General Rule In Case Of Any Problem
- Make sure that your machine's embroidery arm can move to all directions, and nothing is disturbing it.
- Re-thread both top & bobbin thread.
Top Thread Breaking
- Try to re-thread your machine. While re-threading, make sure you hold the thread very tight and it doesn't have the slightest chance to loop anywhere. Then, BEFORE you start stitching:
- Make sure that your thread cone doesn't slide off the spool pin if the holder is horizontal.
In case it has tendency to slide off - secure it using spool holders (little plastic caps) that
come with your machine.
- Make sure that the thread ABSOLUTELY CAN'T wrap or catch around thread holder.
If your thread will wrap around it at some point - it will DEFINITELY break.
- Make sure that the thread doesn't catch on the spool edge. This problem always pops up when using small "mushroom" type thread spools (the 275-yard ones usually). What happens is that after unwinding normally for a little while, the "mushroom" edge starts preventing the thread from unwinding well any further. Naturally, the thread breaks. That's why so many embroiderers HATE
small spools. And for a good reason.
There are 2 optional solutions to this problem:
In case your machine doesn't have a vertical spool pin and you don't own thread stand either - consider getting a kit with normal thread cones. Because these stands cost $50 - $100, and for this money you may get a lot of really good thread cones.
- Avoid using small "mushroom" type spools. Whenever you can, purchase the good size,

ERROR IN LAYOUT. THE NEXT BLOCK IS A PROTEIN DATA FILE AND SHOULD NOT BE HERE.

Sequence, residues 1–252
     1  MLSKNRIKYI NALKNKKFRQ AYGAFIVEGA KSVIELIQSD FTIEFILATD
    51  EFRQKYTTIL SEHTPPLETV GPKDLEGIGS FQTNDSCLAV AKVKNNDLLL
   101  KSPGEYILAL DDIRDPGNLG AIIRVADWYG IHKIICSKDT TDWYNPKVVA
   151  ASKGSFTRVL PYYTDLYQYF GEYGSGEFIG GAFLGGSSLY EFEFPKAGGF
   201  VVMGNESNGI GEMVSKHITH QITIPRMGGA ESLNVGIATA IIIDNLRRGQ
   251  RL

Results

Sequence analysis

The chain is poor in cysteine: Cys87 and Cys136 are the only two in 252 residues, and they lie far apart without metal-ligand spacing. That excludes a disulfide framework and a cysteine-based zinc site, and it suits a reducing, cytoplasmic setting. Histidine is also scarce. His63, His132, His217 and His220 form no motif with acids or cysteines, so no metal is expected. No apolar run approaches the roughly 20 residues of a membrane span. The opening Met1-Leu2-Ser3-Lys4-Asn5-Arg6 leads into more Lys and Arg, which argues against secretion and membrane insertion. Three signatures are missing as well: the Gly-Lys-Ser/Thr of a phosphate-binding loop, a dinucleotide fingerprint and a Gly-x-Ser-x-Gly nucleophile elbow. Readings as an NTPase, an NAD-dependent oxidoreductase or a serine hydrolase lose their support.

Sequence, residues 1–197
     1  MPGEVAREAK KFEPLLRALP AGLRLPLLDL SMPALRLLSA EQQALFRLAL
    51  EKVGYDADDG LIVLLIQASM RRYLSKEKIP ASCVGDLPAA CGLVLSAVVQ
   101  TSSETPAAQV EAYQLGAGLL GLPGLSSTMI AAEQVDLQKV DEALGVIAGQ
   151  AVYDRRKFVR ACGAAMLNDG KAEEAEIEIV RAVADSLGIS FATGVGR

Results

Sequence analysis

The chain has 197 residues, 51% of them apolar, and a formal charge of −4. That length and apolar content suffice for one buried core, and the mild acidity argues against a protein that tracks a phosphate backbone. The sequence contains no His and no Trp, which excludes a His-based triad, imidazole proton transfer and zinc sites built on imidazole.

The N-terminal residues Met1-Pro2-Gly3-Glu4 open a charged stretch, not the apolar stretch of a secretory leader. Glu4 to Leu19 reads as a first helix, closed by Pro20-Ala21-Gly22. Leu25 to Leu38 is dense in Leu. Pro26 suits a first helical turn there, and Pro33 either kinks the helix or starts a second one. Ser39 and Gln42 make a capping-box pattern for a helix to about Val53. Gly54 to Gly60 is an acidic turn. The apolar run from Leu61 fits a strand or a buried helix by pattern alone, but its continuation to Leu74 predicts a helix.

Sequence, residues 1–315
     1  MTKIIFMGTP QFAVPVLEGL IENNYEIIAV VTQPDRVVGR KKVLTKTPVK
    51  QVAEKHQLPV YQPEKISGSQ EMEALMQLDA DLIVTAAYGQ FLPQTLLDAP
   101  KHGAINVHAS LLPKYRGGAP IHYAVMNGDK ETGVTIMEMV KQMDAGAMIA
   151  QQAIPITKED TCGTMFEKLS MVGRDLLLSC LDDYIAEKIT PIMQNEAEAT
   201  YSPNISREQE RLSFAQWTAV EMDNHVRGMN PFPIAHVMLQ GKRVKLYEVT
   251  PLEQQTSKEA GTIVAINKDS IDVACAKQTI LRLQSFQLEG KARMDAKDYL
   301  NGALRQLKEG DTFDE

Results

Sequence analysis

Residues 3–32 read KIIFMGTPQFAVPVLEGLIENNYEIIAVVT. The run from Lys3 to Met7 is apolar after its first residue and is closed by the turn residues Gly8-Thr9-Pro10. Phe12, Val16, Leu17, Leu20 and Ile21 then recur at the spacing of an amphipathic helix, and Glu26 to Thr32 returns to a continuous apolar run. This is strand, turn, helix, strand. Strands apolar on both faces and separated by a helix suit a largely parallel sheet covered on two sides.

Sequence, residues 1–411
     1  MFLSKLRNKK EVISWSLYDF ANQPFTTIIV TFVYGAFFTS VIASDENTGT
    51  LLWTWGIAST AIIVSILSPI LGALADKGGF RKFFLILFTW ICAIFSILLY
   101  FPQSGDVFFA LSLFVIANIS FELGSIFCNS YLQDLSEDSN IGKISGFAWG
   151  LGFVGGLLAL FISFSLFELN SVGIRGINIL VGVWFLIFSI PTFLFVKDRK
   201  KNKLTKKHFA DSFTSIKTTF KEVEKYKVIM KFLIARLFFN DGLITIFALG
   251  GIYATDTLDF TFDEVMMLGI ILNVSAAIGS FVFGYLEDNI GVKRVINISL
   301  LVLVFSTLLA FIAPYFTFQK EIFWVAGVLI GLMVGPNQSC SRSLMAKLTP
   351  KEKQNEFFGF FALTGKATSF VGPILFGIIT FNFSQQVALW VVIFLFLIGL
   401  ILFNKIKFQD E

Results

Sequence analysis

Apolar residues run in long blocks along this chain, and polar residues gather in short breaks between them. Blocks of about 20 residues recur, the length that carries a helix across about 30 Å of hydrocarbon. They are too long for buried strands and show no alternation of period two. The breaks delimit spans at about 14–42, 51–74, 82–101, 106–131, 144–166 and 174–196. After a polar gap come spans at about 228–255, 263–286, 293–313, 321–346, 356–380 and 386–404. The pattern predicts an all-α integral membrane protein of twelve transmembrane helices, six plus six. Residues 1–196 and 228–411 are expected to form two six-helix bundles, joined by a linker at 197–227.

economical 1100-yard cones. They never have these annoying "mushroom" edges.
- If you already have some small spools and are determined to use them - try using vertical
spool pin, and loosen top thread tension a little. You may also use separate vertical thread
stand, if you have one. It may help your thread to feed up well, and avoid it's friction with
plastic spool edge.
- Be sure your needle is appropriate for machine embroidery. For regular 40wt rayon and poly thread 80/12 needles usually work great. Yet, if you're using metallic or thick cotton - try using
metallic needles. They have larger eyes, often coated with Teflon, to help thick thread move smoother.
- Take thread end into your hands. Unwind a couple of meters and feel the thread between your fingers. It should be smooth, even and without knots. If it's not the case - try to unwind several more meters. It may be damaged only in a certain place on spool. If it's still inferior after you unwind several good meters - put that spool aside and take another one.
- If none of the above helps, and you're SURE that the thread isn't catching anywhere - try to lower top thread tension. Your machine's manual will show you how.
Bobbin Thread Breaking
- Take the bobbin out. Clean bobbin case. Insert the bobbin again and re-thread.
- If re-threading doesn't help - try to take a new bobbin.
Must say that our suffering with bobbin thread breakage ended happily the moment we started using pre-wound bobbins.
Apparently, factory made bobbins are winded much better than home made ones.
At least this is correct for several popular machines like Husqvarna Designer series & Brother ULTs. We suspect that this should be similar with other machines, too.
Anyway, we've come to conclusion that it's better, cheaper and a lot more pleasant to use quality pre-wounds than to wind bobbins. We're huge fans of plastic sided bobbins, and sideless also work very well.